Composite materials offer tremendous benefits in a range of applications because their light weight and durability can significantly improve product performance. They can also play a role in reducing workplace injuries, according to Fibrelite (Smithfield, NC), a manufacturer of fiber reinforced plastic (FRP) composite access covers. The company designed the first composite manhole cover for gas stations, which has since become the industry standard, more than 30 years ago.
Reports of crushed and amputated fingers and toes along with burns, back injuries and other dangers have given industries ranging from data centers to water treatment plants a reason to seek safer alternatives, writes Fibrelite. According to the 2014/2015 U.S. Bureau of Labor Statistics, 3,675 injuries were reported in the manufacturing industry alone, 32% of which were back injuries, resulting in a total of 125,880 missed working days. This has caused major problems for decision makers, as legislation continues to restrict acceptable manual weights. Composites are an ideal solution to these problems, writes Fibrelite. "By using lighter materials such as composites, operational injuries are prevented, work sites are made safer and ease of installation and maintenance is made available to utility workers and contractors," says the company.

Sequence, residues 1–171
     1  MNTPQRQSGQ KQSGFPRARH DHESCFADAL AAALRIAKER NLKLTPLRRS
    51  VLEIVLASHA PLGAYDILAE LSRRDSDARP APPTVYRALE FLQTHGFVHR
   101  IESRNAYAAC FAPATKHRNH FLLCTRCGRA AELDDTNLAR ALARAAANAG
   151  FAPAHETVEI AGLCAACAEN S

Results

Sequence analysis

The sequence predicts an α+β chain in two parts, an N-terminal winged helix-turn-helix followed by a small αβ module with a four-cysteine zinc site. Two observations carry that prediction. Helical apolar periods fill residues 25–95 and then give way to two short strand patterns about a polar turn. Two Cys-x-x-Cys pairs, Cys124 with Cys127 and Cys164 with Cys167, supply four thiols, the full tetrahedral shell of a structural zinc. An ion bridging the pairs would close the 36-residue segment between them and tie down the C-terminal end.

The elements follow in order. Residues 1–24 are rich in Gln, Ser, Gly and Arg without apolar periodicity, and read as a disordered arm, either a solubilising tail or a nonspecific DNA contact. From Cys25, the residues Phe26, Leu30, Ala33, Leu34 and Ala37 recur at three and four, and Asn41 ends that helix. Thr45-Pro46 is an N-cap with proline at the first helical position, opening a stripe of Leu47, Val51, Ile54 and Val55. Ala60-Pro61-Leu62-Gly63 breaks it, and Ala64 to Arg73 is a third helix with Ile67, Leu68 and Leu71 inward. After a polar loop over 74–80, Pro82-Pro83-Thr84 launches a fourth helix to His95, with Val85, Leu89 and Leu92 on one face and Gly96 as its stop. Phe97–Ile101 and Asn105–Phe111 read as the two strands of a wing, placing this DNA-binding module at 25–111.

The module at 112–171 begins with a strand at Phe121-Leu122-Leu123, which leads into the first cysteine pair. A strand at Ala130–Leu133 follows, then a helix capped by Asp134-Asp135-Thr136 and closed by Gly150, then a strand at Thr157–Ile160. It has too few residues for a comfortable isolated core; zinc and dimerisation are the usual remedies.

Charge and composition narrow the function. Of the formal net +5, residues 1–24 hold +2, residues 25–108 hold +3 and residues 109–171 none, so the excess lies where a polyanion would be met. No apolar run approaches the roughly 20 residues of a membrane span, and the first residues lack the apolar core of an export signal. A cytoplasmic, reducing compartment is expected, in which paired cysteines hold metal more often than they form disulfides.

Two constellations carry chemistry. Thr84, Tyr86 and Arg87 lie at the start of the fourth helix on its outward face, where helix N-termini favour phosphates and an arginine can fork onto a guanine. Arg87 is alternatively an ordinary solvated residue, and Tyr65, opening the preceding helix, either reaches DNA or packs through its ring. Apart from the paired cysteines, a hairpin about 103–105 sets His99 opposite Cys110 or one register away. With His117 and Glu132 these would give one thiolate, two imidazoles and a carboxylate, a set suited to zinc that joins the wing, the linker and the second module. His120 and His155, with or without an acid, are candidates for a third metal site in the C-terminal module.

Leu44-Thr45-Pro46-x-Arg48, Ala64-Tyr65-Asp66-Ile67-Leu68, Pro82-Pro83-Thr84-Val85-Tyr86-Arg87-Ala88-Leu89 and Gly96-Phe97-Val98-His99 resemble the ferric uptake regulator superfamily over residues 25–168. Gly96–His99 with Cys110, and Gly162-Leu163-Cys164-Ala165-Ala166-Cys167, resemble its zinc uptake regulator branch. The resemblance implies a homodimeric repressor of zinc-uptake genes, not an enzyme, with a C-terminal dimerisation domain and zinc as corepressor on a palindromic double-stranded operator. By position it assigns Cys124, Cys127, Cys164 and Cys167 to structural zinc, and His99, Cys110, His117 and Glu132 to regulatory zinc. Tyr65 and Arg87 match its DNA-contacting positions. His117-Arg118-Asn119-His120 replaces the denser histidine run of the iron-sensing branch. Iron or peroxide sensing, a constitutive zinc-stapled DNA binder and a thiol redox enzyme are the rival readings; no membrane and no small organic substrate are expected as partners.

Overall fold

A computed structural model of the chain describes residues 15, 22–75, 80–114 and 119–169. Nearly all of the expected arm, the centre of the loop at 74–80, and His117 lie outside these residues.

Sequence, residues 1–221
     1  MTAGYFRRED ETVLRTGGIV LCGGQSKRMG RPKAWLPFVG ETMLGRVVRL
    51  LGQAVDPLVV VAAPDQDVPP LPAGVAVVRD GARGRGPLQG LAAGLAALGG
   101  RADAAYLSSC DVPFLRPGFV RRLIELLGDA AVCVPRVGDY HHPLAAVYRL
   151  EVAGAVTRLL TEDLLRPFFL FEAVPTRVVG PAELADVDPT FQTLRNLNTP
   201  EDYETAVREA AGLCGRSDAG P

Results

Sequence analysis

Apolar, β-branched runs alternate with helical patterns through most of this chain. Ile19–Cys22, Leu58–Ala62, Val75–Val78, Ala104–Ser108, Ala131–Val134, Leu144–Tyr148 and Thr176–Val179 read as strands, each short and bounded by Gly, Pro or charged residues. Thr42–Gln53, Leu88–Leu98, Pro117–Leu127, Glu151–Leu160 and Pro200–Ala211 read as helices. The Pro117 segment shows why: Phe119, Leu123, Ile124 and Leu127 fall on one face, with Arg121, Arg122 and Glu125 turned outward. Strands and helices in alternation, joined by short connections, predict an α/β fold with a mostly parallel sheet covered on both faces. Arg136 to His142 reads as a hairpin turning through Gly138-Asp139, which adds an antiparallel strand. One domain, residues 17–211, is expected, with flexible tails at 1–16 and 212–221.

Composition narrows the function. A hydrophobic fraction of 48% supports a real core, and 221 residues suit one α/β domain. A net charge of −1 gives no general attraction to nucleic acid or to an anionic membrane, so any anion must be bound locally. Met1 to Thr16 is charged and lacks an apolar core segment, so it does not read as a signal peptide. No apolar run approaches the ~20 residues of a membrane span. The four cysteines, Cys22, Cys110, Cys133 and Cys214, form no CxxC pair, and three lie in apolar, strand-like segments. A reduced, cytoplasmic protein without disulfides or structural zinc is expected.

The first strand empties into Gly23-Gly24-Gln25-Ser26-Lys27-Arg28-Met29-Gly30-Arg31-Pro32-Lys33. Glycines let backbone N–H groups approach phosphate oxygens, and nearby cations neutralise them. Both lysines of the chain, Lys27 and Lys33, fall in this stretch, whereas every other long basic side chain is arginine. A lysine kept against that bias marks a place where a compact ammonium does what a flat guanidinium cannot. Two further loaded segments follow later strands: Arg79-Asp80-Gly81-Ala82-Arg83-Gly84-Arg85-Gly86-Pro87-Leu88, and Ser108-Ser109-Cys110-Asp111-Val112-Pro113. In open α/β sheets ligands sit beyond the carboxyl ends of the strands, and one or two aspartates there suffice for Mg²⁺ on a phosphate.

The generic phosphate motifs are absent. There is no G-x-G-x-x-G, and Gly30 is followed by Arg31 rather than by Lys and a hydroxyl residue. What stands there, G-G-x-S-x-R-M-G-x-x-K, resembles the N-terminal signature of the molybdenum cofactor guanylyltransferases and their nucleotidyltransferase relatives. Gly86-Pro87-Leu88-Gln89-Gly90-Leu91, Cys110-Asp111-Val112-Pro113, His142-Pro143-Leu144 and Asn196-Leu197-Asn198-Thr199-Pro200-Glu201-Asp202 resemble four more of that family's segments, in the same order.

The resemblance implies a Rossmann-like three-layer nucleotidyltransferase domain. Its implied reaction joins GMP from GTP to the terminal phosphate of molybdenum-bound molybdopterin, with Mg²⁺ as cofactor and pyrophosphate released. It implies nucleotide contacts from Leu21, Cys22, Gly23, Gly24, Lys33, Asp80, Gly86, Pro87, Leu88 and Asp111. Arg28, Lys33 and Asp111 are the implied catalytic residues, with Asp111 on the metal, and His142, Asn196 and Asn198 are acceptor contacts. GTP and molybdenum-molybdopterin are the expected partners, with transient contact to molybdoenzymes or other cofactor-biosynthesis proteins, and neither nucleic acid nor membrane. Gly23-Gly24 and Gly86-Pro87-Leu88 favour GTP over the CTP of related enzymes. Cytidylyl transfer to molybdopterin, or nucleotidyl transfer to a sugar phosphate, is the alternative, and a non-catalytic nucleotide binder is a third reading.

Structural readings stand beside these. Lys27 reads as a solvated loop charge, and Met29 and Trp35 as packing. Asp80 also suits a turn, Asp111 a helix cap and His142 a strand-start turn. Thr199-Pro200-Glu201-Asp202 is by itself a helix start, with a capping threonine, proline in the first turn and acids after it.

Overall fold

A case in point are manhole and trench covers, where the risk of injury during installation and removal are traditionally extremely high. Conventional covers typically weigh more than three times a composite cover, making them too heavy to be lifted manually. They require the use of large machinery, compounding the safety risks already in place. These steel covers also lack temperature control, which can make the surface extremely hot. This presents a hazard in public spaces, such as university campuses, shopping centers and municipalities, where heavy foot traffic is commonplace, notes Fibrelite. The company cites a study published by the League of Minnesota Cities, "Muscling Manhole Covers and Other Ergonomic Information," which stated that workers are frequently injured while attempting to remove heavy cast-iron manhole covers. The average cost of these injuries is reported as $100,000 per incident.
Using composite materials eliminates the use of heavy lifting equipment and allows for safer manual handling. Fibrelite's FRP covers have been designed to eliminate risk of burns by not exceeding high temperatures on the surface, regardless of the temperatures below the cover. They also have an anti-slip/skid surface to protect pedestrians. And because they typically are one-third of the weight of metal or concrete covers and are designed with two ergonomic lifting handles, they can be manipulated quickly and easily by two workers without risk of back injury or crushed fingers or toes, says the company.
Cost is often raised as a factor in the adoption of FRP composites, but Fibrelite argues that their corrosion resistance, safety, thermal conductivity and other performance features should be considered when doing a cost analysis. Other industries are following Fibrelite's lead, according to the company, and are incorporating composites into their products as they react to changing regulations, strict health and safety policies and product maintenance costs.